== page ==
there is also ‘simulated annealing’—its sort of like shaking a cereal box, when you only want the raisins and not the cereal. I dont know how that fits into the framework above —it seems to be a form of gradient descent with shocks to knock it out of local mimima. (sherrington-kirkpatrick-hopfield)
i personally am a registered green party member (but in dc it doesnt really matter—its dominatly democratic , and voting here doesnt matter, so i have only voted a couple times for local issues—-eg weed legalization partly so we dont have people getting locked up). i am not that impressed with people who run for green party–many seem to be ‘self-promoters’.
I also have known quite a few people who want ‘revolution’ and see voting for ‘the lesser evil’ as impure, but many of them live very comfortable lives so actually it sometimes seems that the worse things get for many people , the better their lives get—‘another war means i get another international speaking tour’.
(if there were a revolution, i’d probably be like a squirrel, and sit in the tree and watch it and collect acorns. maybe beg for food from both the revolutionaries and their opponents.
‘dimensionality’ is always interesting empirically and theoretically. eg Poincare sections —eg for lorentz attractor. There are all kinds of approaches to reducing high order systems and high dimensional manifolds to lower order forms Flatland tries to visulaize 4 dimensions in 3 or 2. S Smale in J Math Bio in 70’s had a sort of universal form for coupled multidimensional equations. S Jones has approaches to the ‘universal diophantine equation’ (hilbert’s 10th problem–davis, robinson, matijevitch (sic) —one can vary degree or number of variables. “Center manifold theorem’ is another approach.
it would be hard to know what dimensions of politics are. (one can note that while some current fairly stable and democratic societies which have incremental positive changes exist—i see some of these in terms of better public transit (with all its flaws) and better food choices (one can get healthy vegetarian food now for same prices as junk food which used to be the only thing conveniant) —one has to remember that these systems were built using ‘tools’ like colonialism, slavery, empire buidling etc. The ‘democratic west’ had WW2 which was only 80 years ago.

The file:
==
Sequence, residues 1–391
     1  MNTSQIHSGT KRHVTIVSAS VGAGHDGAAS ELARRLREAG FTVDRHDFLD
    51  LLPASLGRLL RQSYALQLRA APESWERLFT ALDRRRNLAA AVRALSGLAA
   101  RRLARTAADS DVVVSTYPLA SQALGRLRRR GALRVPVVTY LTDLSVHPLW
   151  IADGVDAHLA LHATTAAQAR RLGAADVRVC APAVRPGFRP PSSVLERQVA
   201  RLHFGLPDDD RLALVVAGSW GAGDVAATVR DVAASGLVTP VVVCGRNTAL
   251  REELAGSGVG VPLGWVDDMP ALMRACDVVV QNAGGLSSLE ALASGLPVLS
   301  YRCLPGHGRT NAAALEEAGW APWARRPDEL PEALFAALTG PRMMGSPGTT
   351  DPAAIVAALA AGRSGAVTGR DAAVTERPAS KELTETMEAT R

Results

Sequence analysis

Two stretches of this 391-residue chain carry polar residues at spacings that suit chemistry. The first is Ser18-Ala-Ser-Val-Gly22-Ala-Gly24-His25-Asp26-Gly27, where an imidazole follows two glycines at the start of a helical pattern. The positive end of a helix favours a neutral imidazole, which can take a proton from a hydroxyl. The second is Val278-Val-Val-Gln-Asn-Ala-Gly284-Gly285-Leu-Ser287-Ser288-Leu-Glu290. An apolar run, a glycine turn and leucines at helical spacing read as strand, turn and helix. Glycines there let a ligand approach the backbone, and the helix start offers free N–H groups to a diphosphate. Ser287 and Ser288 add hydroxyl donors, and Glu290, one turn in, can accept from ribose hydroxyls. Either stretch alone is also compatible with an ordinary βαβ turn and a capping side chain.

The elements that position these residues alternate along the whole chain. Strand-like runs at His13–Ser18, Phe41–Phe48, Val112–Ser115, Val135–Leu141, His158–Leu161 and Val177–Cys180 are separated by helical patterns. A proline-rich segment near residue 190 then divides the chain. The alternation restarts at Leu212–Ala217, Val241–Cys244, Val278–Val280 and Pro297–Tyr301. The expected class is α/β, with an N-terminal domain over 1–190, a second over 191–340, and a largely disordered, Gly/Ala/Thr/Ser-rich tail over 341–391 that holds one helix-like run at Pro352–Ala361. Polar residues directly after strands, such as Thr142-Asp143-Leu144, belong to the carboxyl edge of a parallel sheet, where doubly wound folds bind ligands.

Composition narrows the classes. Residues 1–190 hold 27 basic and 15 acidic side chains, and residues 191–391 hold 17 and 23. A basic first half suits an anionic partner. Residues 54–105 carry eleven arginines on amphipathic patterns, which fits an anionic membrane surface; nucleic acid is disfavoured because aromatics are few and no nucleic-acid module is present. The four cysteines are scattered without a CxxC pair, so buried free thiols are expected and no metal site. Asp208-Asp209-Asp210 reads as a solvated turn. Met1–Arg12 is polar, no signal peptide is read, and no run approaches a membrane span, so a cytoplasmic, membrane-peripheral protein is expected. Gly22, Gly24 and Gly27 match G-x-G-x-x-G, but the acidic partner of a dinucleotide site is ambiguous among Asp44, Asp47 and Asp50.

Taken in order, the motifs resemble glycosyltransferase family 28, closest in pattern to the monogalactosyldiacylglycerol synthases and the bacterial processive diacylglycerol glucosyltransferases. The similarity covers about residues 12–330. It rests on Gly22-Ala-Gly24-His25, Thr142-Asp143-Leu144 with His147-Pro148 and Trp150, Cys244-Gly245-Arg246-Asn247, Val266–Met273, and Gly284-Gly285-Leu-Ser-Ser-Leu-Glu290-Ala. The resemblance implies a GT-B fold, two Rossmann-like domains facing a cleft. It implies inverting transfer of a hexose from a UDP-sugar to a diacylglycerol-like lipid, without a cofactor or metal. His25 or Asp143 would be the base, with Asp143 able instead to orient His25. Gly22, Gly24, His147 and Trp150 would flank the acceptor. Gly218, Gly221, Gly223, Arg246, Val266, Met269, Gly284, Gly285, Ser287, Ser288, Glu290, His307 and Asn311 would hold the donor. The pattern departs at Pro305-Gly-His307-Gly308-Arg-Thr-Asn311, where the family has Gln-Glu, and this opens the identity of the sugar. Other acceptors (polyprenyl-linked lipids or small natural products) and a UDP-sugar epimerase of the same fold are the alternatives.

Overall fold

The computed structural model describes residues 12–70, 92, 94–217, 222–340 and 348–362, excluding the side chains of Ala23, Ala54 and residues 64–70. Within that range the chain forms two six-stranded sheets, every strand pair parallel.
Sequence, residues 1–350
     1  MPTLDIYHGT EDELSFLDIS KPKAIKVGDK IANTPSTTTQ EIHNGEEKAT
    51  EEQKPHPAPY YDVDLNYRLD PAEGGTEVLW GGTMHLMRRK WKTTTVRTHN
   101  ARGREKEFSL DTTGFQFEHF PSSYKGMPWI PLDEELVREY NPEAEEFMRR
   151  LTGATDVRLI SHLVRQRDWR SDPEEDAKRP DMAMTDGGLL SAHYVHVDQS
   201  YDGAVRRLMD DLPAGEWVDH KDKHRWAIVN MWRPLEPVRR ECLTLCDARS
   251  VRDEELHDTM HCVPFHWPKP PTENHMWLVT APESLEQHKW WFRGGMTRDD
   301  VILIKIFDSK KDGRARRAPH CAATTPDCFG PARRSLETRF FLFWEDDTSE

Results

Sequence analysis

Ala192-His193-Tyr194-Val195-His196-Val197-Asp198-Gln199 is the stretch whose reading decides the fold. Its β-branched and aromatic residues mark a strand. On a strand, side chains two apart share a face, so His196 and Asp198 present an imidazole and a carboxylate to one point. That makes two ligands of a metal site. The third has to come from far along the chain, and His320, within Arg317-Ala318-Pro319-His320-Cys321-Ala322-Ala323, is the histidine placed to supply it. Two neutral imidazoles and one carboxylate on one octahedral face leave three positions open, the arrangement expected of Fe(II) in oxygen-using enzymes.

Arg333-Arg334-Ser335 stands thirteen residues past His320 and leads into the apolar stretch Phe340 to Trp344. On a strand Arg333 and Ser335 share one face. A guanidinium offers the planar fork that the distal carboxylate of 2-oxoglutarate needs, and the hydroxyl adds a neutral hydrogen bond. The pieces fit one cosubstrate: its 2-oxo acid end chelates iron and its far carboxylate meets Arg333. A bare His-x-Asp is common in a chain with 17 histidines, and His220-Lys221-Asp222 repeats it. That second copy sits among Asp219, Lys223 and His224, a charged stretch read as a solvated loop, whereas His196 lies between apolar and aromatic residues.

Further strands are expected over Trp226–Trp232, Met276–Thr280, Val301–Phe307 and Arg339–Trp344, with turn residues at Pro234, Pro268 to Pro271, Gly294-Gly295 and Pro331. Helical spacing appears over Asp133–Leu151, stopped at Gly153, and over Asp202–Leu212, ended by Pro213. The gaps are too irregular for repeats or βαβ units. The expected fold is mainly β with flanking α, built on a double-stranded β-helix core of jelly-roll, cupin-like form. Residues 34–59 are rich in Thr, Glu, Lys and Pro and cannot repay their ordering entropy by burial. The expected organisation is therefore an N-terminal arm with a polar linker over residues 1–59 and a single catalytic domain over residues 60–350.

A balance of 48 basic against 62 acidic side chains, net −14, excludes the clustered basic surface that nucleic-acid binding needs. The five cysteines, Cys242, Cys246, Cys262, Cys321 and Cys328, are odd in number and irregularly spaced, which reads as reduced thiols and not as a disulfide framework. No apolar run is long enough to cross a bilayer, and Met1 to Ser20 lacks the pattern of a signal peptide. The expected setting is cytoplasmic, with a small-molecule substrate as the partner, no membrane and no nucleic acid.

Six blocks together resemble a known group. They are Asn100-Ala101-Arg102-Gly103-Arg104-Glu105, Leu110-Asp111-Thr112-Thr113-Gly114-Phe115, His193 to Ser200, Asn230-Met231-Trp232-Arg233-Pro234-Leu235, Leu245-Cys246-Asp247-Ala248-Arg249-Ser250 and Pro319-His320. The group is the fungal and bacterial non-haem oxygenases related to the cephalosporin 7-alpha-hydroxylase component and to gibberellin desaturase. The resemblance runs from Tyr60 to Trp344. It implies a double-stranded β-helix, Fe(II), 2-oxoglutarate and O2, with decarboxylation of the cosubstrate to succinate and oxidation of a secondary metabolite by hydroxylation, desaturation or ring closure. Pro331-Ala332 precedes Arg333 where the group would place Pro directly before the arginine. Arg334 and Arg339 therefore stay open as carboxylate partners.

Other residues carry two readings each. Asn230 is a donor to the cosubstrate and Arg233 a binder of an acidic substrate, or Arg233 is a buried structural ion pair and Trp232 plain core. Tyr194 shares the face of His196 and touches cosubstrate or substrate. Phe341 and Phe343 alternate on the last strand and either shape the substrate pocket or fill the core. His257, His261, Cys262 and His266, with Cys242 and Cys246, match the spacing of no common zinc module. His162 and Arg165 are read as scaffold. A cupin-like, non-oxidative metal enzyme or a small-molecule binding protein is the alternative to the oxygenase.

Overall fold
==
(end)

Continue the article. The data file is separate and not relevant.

Not that I’m trying to draw a parallel to the current US elections, but it seems that the idea that England’s revolution paving the way for the current system was all smooth and civilized is actually debatable (see Steve Pincus revision of the “Glorious Revolution”). Besides, don’t you think that, with the common history of England France US and Canada, the events happening in one wouldn’t affect the other? In other terms, I do not think that these are examples of separate algorithms to be evaluated separately and compared …
@Zeina You are absolutely correct that we have no idea what would have happened in England absent the American and French revolutions. England may have reformed because they feared a revolt. However, Russia did not liberalize and thus was subjected to its own revolution, which took a very different course. In any case, revolutions in other states may be necessary for motivation perhaps but the path internally does not require a revolution per se.
Certainly not advocating any kind of ‘revolution’, but there are important contextual differences between the process of social change and the mechanisms by which they were enacted in each of those revolutions.
There are no democratic systems like the US. That’s why it’s the US.
This was awesome
@Hosam That’s exactly the point. The path to the end was very different in all cases but the end result was basically the same. This is just like deep learning. You are not guaranteed to get the same parameters each time you train but the end result performs about as well.
There is a very interesting theory about Life cycles of empires by sir John Glubb. I think it might be interesting for your studies.